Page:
Charlie (Josephine Japy) lives in a household demarcated by fighting parents. She hears her mother sob at night. At school, she becomes quietly fascinated by new student Sarah (Lou de Laage). Sarah is more impulsive, more charismatic than Charlie. They are foils, and yet their chemistry is instantaneous.
Their relationship grows when they vacation together, but it grows toward the realm of the complicated. Lines are grayed. And all the while, Charlie’s mother is using the vacation as a means of sexual catharsis.
The movie is quiet. Almost too quiet. It meanders around the corners of its narrative arc, probing the audience to be eager for more but almost always restricting access to what the audience wants.
This delayed gratification is almost too much, and, to make matters of narrative motion worse, the technique of slow motion is overused throughout this film.
Eventually, we see Sarah’s insecurities rise to the forefront, and they begin taking an emotional toll on Charlie. This then turns, with one glorious panning shot, into a film about identity formation through lies.
At first, this shift plays as a teenage melodrama, which is rather disappointing. Charlie’s school life becomes plagued with backhanded bullying. It almost feels, in the worst of moments, like an after school special.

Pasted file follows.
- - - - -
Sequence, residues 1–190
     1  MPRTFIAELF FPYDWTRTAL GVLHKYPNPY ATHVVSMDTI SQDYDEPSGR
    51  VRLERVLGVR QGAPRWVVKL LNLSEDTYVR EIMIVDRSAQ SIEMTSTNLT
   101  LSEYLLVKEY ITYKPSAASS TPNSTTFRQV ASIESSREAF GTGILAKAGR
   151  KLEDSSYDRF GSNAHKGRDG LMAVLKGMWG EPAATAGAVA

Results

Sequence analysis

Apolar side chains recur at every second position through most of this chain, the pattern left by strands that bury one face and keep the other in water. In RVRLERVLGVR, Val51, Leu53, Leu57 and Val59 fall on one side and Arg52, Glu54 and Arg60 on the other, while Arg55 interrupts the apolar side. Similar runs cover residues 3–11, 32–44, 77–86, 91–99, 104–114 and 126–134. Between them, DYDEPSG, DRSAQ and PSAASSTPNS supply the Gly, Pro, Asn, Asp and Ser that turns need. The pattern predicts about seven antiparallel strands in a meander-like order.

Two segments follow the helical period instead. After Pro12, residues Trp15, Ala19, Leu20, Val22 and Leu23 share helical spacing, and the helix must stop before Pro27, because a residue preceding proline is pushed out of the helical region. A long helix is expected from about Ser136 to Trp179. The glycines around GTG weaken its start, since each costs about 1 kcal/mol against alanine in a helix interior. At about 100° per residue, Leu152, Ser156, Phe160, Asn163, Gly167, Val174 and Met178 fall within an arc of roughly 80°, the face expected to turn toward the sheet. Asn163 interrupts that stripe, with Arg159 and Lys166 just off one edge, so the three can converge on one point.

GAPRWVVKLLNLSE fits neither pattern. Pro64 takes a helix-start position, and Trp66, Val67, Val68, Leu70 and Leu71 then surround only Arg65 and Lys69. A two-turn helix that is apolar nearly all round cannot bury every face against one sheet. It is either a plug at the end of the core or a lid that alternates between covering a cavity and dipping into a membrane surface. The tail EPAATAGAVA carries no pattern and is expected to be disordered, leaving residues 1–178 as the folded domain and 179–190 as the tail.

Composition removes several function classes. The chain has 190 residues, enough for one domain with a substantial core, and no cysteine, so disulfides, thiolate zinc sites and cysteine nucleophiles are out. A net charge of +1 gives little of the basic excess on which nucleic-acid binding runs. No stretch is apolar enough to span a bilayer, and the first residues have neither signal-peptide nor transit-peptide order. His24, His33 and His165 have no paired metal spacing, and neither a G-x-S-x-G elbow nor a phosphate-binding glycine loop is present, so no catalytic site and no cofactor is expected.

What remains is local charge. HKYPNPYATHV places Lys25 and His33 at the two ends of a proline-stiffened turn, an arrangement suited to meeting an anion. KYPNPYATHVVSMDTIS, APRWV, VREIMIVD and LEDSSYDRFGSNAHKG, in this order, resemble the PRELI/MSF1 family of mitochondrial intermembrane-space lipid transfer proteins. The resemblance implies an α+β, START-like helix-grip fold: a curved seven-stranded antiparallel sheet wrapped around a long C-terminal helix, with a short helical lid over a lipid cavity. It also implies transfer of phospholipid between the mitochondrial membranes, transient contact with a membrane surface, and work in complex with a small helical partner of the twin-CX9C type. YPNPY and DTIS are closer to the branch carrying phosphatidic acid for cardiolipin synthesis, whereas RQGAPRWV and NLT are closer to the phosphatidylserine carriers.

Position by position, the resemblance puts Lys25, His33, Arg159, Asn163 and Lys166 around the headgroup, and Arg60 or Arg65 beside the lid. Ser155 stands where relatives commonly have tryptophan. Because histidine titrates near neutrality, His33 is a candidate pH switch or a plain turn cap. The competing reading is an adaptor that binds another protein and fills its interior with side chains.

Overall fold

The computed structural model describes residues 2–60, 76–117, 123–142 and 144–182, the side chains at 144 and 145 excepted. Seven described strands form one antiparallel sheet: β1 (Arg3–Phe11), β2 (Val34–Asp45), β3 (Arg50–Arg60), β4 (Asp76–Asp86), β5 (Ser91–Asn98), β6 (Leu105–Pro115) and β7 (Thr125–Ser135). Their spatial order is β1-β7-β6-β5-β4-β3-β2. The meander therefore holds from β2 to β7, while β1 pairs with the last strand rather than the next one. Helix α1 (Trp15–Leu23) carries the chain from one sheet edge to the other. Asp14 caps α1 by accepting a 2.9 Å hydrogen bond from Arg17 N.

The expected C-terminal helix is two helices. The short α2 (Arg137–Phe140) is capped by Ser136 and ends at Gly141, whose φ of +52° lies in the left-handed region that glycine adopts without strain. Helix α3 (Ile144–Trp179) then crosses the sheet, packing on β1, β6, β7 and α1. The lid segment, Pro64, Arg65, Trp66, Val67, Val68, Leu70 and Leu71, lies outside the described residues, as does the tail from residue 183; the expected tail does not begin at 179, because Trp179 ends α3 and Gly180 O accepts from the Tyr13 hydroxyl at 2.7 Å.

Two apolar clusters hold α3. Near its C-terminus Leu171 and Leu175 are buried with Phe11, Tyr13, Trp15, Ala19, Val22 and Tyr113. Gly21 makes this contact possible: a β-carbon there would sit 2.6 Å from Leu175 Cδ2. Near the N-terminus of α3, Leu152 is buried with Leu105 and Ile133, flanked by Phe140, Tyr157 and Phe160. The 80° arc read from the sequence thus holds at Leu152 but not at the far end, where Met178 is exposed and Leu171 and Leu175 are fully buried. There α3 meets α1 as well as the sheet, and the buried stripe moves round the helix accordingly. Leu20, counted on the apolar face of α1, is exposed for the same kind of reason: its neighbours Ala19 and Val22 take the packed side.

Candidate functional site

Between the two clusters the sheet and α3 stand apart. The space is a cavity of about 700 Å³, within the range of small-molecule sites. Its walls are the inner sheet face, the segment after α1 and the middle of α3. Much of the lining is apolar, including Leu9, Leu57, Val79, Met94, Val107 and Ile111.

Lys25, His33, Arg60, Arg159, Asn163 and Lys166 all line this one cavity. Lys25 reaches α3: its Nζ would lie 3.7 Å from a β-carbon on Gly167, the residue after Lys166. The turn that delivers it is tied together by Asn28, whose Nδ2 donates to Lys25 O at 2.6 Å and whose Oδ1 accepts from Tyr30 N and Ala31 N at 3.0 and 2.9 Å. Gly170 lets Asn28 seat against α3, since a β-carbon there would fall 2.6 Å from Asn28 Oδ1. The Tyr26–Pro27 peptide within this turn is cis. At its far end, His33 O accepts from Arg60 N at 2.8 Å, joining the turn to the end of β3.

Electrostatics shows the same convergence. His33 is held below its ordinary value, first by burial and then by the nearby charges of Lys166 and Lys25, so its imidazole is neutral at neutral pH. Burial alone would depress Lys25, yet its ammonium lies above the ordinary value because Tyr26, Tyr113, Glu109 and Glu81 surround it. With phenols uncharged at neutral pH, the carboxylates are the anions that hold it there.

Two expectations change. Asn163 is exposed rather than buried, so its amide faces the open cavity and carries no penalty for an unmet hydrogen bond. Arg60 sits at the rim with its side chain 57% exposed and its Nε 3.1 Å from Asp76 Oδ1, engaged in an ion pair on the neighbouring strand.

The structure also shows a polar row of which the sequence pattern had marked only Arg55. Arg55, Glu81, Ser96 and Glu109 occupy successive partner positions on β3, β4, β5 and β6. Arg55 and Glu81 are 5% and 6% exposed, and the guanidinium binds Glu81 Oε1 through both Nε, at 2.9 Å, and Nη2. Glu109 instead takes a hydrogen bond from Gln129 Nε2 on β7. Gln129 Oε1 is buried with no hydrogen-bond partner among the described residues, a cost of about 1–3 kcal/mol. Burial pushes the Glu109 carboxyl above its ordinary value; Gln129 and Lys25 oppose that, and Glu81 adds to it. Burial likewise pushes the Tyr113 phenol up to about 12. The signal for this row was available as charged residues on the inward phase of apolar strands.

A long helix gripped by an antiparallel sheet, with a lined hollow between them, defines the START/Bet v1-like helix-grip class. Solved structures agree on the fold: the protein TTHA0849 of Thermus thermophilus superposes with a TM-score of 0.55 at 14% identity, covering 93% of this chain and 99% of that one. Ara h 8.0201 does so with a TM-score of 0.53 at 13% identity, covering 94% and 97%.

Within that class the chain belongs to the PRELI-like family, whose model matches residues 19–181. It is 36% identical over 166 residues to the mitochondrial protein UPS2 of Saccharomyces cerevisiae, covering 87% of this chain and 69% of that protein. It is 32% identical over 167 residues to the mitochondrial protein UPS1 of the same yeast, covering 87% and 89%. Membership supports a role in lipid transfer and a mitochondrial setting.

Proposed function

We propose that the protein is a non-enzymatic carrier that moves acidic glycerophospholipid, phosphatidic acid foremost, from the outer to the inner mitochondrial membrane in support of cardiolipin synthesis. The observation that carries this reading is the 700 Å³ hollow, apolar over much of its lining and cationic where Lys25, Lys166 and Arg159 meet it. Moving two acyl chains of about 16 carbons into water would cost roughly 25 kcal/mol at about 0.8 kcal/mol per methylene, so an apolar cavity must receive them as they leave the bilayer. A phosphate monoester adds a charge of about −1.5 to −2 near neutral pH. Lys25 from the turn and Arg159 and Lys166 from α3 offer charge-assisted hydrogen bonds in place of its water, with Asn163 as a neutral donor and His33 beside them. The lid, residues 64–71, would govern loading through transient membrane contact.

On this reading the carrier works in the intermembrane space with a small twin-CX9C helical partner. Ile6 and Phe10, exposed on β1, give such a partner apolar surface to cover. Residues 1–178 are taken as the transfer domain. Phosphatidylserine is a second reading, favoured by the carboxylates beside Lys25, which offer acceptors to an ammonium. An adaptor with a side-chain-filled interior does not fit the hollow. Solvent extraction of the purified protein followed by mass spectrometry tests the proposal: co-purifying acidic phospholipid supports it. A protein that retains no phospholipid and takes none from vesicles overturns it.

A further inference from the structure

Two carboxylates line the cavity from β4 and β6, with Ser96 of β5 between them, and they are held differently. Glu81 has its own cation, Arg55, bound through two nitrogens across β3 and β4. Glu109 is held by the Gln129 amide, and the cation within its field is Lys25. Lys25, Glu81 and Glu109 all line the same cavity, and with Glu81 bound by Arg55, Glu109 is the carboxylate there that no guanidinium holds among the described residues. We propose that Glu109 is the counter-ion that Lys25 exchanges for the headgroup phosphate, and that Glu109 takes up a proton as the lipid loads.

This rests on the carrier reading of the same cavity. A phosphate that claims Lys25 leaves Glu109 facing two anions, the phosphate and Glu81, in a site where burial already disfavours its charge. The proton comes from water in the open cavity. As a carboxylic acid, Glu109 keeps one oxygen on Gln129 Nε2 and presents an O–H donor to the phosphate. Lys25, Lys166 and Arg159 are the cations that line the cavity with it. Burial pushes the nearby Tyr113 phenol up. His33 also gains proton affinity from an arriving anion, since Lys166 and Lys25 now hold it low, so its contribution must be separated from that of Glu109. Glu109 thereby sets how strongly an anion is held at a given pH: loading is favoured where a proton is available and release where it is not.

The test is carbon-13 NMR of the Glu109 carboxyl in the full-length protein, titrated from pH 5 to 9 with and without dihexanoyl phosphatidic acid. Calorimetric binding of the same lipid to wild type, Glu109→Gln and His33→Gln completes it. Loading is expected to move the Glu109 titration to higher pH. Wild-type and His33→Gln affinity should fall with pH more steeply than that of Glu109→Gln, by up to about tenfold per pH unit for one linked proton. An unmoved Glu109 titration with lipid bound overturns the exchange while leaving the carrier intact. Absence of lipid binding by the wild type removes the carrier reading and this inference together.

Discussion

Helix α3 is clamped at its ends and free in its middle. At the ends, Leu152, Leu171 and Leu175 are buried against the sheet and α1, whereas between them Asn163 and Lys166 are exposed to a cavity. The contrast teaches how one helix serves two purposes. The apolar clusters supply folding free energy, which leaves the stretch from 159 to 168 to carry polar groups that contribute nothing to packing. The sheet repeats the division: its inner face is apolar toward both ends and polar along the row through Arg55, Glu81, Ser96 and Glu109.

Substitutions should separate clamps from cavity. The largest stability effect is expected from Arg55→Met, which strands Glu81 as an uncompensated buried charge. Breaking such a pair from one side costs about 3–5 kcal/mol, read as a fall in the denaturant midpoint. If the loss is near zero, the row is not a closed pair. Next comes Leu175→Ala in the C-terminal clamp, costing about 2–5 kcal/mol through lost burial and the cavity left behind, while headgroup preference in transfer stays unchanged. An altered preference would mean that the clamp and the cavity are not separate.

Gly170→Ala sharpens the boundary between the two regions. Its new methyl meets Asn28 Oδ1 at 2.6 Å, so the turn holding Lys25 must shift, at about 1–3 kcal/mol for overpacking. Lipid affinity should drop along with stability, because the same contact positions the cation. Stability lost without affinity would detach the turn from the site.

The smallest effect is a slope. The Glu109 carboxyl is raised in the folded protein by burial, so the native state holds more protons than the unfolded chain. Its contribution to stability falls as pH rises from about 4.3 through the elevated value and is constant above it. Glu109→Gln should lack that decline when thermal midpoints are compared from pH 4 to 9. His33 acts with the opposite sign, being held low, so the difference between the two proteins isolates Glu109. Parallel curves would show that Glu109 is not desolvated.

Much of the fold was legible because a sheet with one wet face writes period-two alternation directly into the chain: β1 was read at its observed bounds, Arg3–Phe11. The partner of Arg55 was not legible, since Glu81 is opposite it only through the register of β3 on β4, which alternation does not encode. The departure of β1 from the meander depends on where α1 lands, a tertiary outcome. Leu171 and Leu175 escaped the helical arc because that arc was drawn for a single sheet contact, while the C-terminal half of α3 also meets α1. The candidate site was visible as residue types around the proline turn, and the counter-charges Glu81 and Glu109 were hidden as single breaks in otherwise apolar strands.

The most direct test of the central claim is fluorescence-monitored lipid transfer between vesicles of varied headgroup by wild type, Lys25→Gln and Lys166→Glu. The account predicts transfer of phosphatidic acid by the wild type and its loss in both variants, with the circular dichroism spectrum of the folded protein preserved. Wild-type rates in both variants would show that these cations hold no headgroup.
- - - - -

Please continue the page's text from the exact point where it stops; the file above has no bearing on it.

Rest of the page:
Certain instances of the film are simply majestic, like the previously mentioned panning shot and a low angle shot of Charlie looking up during an asthma attack. But, overall, the middle of this film leaves much to be desired. The parallel relationships between mother and daughter during this portion of the film is quietly fascinating, but it is buried in the subtext.
What we do get consistently throughout the film is a tour de force performance from Josephine Japy. Her destruction is seen only in the eyes. It is breathtaking to behold, from start to finish.
A heightened middle would have done the film some good, but, at the same time, this delayed gratification leads to one of the most shocking final minutes of any film I’ve seen this year. With this sagging middle, the climax truly comes out of nowhere in the best possible way. The only issue is getting to this point of the film given its dwindling middle. Respire is definitely a movie that you have to be patient with.
As always, thanks for reading!
Have you seen Respire? If so, what did you think? Let me know in the comments!